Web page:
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DUI Checkpoints

Posted by Floyd, Skeren & Kelly, LLP | Aug 21, 2014 | 0 Comments

DUI Checkpoints are very commonly used, though there are a lot of issues surrounding the constitutionality of these checkpoints. This has been a long debated subject in State and US Supreme Courts.

While often random stops to check license and registration and determine if a driver was intoxicated were employed by officers, this was ruled to be a violation of the driver's 4th amendment rights. It was ruled that an officer must have a reason to pull over a driver. The first court trial regarding stops was the US Supreme Court case Delaware v. Prouse (Delaware v. Prouse, (1979) 440 US 648), which states that a driver's rights are not being violated if the officer is stopping all vehicles, and not just randomly stopping vehicles. This ruling was later used to establish the neutral formula guideline for DUI checkpoints (stopping cars using a formula such as every third, fifth, etc.).

The California Supreme Court later established more rules regarding DUI checkpoints in order to protect driver's rights. The case of Ingersoll v. Palmer, 221 Cal. Rptr. 659 (App 1st Dist. 1985) established a list of guidelines that ensured these checkpoints were not too intrusive. It was also extremely important because it determined that checkpoints were administrative and its sole purpose was not criminal investigation. This distinction was extremely important because if their purpose was to find drunk drivers (and not deter them, which was the claim), they would be unconstitutional.

The court then used a balance check to make sure the public's interest was being best served. They explored the effectiveness of these checkpoints, and while roving stops would be more effective, the courts decided these checkpoints were effective enough.

The court established the Ingersoll guidelines that all DUI checkpoints must follow in order to be constitutional. The guidelines are:

  1. Decisions are made at the supervisory level: All administrative decisions, such as when and where to set up a checkpoint, are made by higher level supervisory officers. This ensures the checkpoints are standardized and limits the discretion of the field officers (limits differences amongst the checkpoints).
  2. Standardized stops: The method used to stop cars (every fifth car, tenth car, etc.) is determined by the supervisory officers and not by the field officers.
  3. Safety Procedures: Proper lighting, signage, and warnings must be present at and around the checkpoints. Safety of all drivers' and the officers is a top priority. As such, the formula for stopping cars must reflect traffic (ex. stopping every tenth car in heavy traffic instead of every fifth).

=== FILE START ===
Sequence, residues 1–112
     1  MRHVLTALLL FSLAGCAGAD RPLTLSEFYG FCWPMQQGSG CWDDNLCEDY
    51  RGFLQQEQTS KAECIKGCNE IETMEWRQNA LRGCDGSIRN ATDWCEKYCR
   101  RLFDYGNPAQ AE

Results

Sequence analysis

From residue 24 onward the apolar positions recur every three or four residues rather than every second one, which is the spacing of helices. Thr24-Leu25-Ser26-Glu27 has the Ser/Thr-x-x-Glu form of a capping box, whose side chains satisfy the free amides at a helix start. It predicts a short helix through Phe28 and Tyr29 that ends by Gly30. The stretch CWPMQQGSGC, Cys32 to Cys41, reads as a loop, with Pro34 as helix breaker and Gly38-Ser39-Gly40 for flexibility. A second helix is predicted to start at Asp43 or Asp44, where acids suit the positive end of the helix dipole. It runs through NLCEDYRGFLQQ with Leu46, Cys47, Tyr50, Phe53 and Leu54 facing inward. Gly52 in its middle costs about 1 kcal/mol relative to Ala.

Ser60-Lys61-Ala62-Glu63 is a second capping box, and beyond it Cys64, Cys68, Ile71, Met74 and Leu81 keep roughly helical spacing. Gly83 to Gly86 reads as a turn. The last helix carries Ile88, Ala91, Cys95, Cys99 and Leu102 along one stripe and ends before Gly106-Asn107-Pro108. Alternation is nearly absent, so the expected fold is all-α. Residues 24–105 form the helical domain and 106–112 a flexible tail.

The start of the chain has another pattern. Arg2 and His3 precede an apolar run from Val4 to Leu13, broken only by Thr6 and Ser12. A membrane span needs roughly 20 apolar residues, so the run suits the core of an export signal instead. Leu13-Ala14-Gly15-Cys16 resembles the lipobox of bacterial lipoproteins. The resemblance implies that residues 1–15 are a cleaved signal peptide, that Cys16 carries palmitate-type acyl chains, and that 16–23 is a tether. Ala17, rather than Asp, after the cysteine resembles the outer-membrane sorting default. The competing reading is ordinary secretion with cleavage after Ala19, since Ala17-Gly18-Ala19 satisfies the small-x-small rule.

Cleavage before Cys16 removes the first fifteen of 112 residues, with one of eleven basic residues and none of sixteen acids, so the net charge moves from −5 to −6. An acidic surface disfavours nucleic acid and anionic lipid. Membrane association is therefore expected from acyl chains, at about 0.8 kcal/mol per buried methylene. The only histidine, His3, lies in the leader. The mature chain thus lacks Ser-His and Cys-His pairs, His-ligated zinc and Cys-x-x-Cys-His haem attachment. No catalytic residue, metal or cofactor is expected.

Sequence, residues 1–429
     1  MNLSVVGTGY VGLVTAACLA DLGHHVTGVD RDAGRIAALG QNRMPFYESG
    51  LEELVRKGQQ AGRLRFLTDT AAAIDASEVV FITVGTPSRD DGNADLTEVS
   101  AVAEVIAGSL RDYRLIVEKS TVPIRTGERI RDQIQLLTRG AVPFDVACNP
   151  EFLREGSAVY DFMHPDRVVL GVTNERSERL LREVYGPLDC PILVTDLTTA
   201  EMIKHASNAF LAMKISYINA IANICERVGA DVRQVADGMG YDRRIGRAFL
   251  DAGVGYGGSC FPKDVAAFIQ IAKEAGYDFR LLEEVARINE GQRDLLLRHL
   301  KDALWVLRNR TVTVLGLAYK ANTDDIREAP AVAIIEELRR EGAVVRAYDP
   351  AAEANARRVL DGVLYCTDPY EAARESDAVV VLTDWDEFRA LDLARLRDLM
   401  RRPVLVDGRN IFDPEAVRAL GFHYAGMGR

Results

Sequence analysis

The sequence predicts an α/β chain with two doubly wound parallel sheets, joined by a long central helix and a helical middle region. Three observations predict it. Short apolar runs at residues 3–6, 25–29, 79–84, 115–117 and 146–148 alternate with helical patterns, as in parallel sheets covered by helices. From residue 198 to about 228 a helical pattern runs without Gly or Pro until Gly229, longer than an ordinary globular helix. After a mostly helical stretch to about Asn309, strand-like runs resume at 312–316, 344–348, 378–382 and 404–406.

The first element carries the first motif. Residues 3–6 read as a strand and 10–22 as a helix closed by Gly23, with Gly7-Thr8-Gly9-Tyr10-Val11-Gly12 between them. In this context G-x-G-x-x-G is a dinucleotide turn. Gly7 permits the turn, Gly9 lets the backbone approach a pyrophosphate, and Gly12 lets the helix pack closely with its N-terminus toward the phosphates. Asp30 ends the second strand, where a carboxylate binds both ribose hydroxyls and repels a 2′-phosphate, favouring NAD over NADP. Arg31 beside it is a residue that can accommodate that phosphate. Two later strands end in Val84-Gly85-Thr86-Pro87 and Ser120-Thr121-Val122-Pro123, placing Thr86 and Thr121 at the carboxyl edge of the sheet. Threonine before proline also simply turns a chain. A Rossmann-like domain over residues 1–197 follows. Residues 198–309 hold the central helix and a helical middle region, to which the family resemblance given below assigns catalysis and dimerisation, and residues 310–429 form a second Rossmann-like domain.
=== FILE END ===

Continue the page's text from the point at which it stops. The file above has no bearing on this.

4. Location: The location (selected by supervisors) should be a minimally intrusive, reasonable location and should reflect historical data (ex. using a stretch of road with many alcohol related accidents).
  5. Time and Duration: Time and duration of the checkpoint is an important issue to the public. For instance, night time would deter the most drunk drivers; however it is the most intrusive time. While this is left to the officers, it can easily be called into question during trial so it is important to be diligent.
  6. Easily Identifiable signs: It is important that proper signs are visible before the drivers arrive at the checkpoint, and other forms that prove the official nature of the stop must be evident (such as officer vehicles with lights on, etc.).
  7. Length of detention: the amount of time each person is held after suspicion of being drunk must be limited if there is no evidence. This is to protect rights as well as prevent traffic buildups.
  8. Advance publicity: There must be adequate advanced warning of a roadblock. It is important to minimalize the intrusiveness of the roadblock and reduce the surprise for motorists.

There are still many who believe these roadblocks are illegal search and seizures. The US Supreme court finally handed down a decision to attempt to end the debate. In the case Michigan Dept. of State Police v. Sitz, (1990), the court decided that these roadblocks serve a governmental purpose and are in the best interest of the public and as such we effective and constitutional.

The Sitz court also decided that given all of the warnings the drivers have (signs, lights, advance publicity), these roadblocks are no too intrusive. However, the dissenting opinion held that there was still not enough evidence to stop a person, even if a neutral formula was being used.

One example the dissenting opinion pointed to was an instance where 19 officers were working a roadblock that only caught two drunk drivers all night. Their argument was what these 19 officers would have deterred more drivers if they were out and not stuck at the roadblock.

The US Supreme court stated that guidelines must be used, however they did not set up those guidelines themselves, instead yielding to each state (Ingersoll in CA).

One of these guidelines, advance publicity, was determined by CA to be extremely important and was strongly recommended, however it did not require it and failure to follow this guideline wasn't grounds for dismissal (People v. Banks, (1993)  6 Cal. 4th 926).

It is important for DUI defense attorneys to understand the laws and guidelines for DUI checkpoints. There are a few defense strategies to explore. First, it is important to establish that all proper regulations were followed (keep in mind once stopped officers must follow proper guidelines for determining BAC). Second, it is important to find out if the Ingersoll requirements were followed. Lastly it would be beneficial to look at the National Highway Traffic Safety Administration (NHTSA) guidelines, since Ingersoll is not an exhaustive list of factors at a checkpoint.

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